In a pilot study published in the American Embryo Transfer Association newsletter in 2021, 94 IVD embryos were collected from beef cattle. A 35-second video of each embryo was recorded with a camera mounted in a trinocular stereo zoom scope. To study the embryos’ morphokinetic changes during short, 35-second observation periods, area, diameter and subzonal space were measured at five-second intervals in amplified videos. Comparisons were made between embryos in each group (embryos videoed together) to determine whether morphokinetic changes were unique and independent to the embryo (rather than artifacts inducing noise in the video data) and between embryos that did and didn’t establish pregnancies.

This data showed that embryos recorded in the same video demonstrated low correlation, suggesting embryos in a single video file demonstrated unique, individual growth trends. Pregnancy results from this study suggest embryos with moderate morphokinetic activity establish pregnancies at a greater rate than embryos with a high or low level of morphokinetic activity. Overall, this field study demonstrated that embryo morphokinetic changes can be measured in short observatory periods and can be used to build mathematical models correlating to an embryo’s developmental potential, competency and viability to provide a more comprehensive evaluation of an embryo’s health, spanning beyond a morphological analysis.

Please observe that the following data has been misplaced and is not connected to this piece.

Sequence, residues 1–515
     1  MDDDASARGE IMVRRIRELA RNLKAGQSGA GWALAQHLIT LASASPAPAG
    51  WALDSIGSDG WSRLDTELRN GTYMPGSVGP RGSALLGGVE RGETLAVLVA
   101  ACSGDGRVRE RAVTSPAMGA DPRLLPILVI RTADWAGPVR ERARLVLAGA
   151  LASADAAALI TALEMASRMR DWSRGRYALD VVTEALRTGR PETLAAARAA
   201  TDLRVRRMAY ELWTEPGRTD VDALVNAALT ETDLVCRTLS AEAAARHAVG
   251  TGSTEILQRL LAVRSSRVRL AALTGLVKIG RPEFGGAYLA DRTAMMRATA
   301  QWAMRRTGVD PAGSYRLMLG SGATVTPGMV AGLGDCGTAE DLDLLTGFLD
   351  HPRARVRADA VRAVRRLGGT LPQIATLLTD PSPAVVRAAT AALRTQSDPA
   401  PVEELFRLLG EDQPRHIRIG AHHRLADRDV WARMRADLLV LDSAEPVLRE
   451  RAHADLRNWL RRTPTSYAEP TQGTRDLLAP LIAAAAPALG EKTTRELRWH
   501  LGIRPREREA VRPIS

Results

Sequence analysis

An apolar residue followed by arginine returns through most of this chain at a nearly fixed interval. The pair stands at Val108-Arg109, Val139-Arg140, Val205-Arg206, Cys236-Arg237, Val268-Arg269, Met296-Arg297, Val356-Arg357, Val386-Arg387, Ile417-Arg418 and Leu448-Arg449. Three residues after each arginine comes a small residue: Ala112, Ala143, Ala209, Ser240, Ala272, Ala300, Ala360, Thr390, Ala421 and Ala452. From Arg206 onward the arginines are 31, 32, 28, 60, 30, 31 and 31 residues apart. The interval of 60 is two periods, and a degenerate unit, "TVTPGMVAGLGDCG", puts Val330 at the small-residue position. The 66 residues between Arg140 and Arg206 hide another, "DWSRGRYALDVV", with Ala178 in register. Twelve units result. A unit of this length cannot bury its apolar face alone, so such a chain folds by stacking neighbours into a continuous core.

Machine learning and future technology

Machine learning is a type of artificial intelligence that can learn and adapt without being explicitly programmed by using algorithms and statistical models to analyze and draw inferences from labeled data. In simple terms, we can “teach” machine learning technology to recognize patterns associated with images or videos of either viable or non-viable embryos, so the model can predict embryo viability when it scans a new image of an embryo when viability outcomes are unknown.

New methods to objectively evaluate embryo health can unlock the potential of ET and IVF services to improve animal health, production economics and environmental sustainability. By leveraging advancements in machine learning and imaging technologies, new objective methods can be created to evaluate embryo health, which will allow ET practitioners, embryologists and producers methods to better manage their breeding strategies. Further research is in progress to improve prediction accuracy of machine learning technologies to evaluate embryo viability, predict embryo sex, detect subclinical signs of embryo stress, detect early embryonic loss, detect large offspring syndrome and other clinically relevant characteristics of embryos that result in economic loss or detriment to cattle producers. Additionally, studies to develop machine learning models to evaluate embryo health of other species, including small ruminants and horses, are in progress.